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date: 01 July 2022

Gender, Authorship, and Translation in Modern Arabic Literature of the Mashriqlocked

Gender, Authorship, and Translation in Modern Arabic Literature of the Mashriqlocked

  • Emily DrumstaEmily DrumstaUniversity of Texas at Austin

Summary

Among the many challenges facing Arabic literature in translation, the question of gender has historically been one of the most fraught, particularly as it presses upon Arab women writers. The persistence of Orientalist tropes such as the veil and the harem; the continual othering of the exotic and supposedly untranslatable East; the frequent lumping together of Arab, Muslim, and Middle Eastern identities; the slippage between memoir, or autobiography, and fiction; and the tendency to isolate gender issues from their political, historical, and social contexts—these are some of the many phenomena that scholars and translators have examined in the Western academy. Some issues, such as the burden of mimesis, the tendency to depoliticize the work of controversial authors, and the continual association of Arabic with the Qurʾān (and thereby with the untranslatable and the sacred), face all works of Arabic in their translation for the English-language marketplace. Other issues, such as the stereotyping of Arab women as either helpless victims, exceptional escapees, or deluded pawns of Arab patriarchy, in Mohja Kahf’s reading, affect Arab women’s writing (and literature featuring Arab women characters) with particular force. Many scholars have highlighted the division between the simplistic, flattening representations of Arab women writers offered in mainstream Western publishing and the more nuanced, literarily sensitive presentations in translated works published by small, specialist, and university presses. Pressing issues of genre are also at play: the desire among American publics for a sociological, ethnographic “glimpse behind the veil” of Middle Eastern society has created a preference for both documentary memoirs and mimetic–realist works of fiction that has drawn attention away from works of experimental prose and—most notably—from poetry. Whereas male poets such as the Palestinian Maḥmūd Darwīsh (Mahmoud Darwish) and the Syro-Lebanese Adūnīs (Adunis) have multiple discrete volumes in English translation, Arab women tend to be confined to the realm of anthologies, where one or two poems are meant to represent an entire life of variegated poetic creation, and where the emphasis on their personal identity (“Arab woman”) is highlighted above their role in a more complex literary, social, and historical world. Although several contemporary poets have managed to break from the anthology loop, early-21st-century works in translation suggest that the stereotype of the Muslim woman in need of “saving” has not yet gone away. Still, scholars and translators have also offered numerous strategies and tactics for “rewiring the circuits” that govern the representation of Arab women in the West.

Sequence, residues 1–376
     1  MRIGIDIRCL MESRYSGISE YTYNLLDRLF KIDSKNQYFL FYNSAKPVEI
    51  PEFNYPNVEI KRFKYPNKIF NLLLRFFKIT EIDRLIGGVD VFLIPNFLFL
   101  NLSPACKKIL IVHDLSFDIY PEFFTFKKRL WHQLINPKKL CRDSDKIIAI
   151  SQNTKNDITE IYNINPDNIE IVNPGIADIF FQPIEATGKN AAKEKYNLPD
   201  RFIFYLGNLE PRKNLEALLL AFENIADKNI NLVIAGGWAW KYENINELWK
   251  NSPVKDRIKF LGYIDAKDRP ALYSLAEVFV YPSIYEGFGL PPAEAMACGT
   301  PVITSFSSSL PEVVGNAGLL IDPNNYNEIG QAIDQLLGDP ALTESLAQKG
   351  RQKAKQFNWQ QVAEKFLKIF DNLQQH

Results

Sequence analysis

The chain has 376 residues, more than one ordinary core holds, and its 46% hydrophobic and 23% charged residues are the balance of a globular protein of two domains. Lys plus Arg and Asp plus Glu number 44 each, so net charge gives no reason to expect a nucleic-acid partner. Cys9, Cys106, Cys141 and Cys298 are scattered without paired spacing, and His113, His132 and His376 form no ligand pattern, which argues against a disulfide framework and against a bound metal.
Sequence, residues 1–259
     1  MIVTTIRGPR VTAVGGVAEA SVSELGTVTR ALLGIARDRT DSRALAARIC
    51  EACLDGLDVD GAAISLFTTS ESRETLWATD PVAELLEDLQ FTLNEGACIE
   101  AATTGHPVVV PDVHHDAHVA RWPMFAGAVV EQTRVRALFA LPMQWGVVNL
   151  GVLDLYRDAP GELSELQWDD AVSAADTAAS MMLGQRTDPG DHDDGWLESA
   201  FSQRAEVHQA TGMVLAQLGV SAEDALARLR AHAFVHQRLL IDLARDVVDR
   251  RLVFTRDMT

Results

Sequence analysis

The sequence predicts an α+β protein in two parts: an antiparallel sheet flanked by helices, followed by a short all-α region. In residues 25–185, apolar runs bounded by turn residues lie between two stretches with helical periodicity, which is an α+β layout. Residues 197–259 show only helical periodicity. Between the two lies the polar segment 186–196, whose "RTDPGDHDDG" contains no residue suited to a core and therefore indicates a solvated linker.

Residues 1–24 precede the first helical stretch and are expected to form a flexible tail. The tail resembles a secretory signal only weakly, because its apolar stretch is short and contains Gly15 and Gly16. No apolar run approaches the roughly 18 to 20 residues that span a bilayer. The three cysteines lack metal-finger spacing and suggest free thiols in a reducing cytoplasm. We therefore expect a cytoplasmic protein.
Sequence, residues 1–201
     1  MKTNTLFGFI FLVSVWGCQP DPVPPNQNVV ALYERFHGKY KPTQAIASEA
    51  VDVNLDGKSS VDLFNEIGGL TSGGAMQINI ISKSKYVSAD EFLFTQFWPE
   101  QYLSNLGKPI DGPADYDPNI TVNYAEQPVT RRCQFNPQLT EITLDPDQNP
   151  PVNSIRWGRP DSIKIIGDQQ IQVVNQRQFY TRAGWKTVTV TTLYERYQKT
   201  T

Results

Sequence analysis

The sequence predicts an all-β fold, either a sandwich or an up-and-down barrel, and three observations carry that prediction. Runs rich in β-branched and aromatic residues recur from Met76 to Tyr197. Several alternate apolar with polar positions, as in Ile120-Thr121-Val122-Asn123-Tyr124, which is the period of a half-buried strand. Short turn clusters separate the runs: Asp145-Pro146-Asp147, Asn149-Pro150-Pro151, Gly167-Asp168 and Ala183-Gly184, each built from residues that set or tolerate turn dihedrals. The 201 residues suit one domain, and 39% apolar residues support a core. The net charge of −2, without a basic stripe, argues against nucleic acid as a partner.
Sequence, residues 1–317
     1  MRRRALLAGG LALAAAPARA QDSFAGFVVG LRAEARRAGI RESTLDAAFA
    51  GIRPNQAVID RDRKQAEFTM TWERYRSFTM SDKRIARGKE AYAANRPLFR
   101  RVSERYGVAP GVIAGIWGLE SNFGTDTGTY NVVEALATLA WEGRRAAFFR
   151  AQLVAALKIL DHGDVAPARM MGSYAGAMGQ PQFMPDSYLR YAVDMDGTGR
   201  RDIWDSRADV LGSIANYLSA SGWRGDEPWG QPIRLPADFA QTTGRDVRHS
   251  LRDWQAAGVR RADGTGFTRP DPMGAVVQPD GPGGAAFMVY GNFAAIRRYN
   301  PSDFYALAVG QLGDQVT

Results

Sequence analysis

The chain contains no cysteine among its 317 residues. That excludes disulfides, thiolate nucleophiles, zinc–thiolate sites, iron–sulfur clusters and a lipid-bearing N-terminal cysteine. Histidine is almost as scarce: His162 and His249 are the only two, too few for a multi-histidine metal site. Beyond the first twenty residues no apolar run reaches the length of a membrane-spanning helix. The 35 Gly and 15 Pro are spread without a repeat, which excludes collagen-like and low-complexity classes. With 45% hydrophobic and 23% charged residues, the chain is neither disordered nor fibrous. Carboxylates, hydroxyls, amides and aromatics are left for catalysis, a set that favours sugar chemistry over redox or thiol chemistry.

Subjects

  • African Literatures
  • West Asian Literatures, including Middle East
  • Poetry

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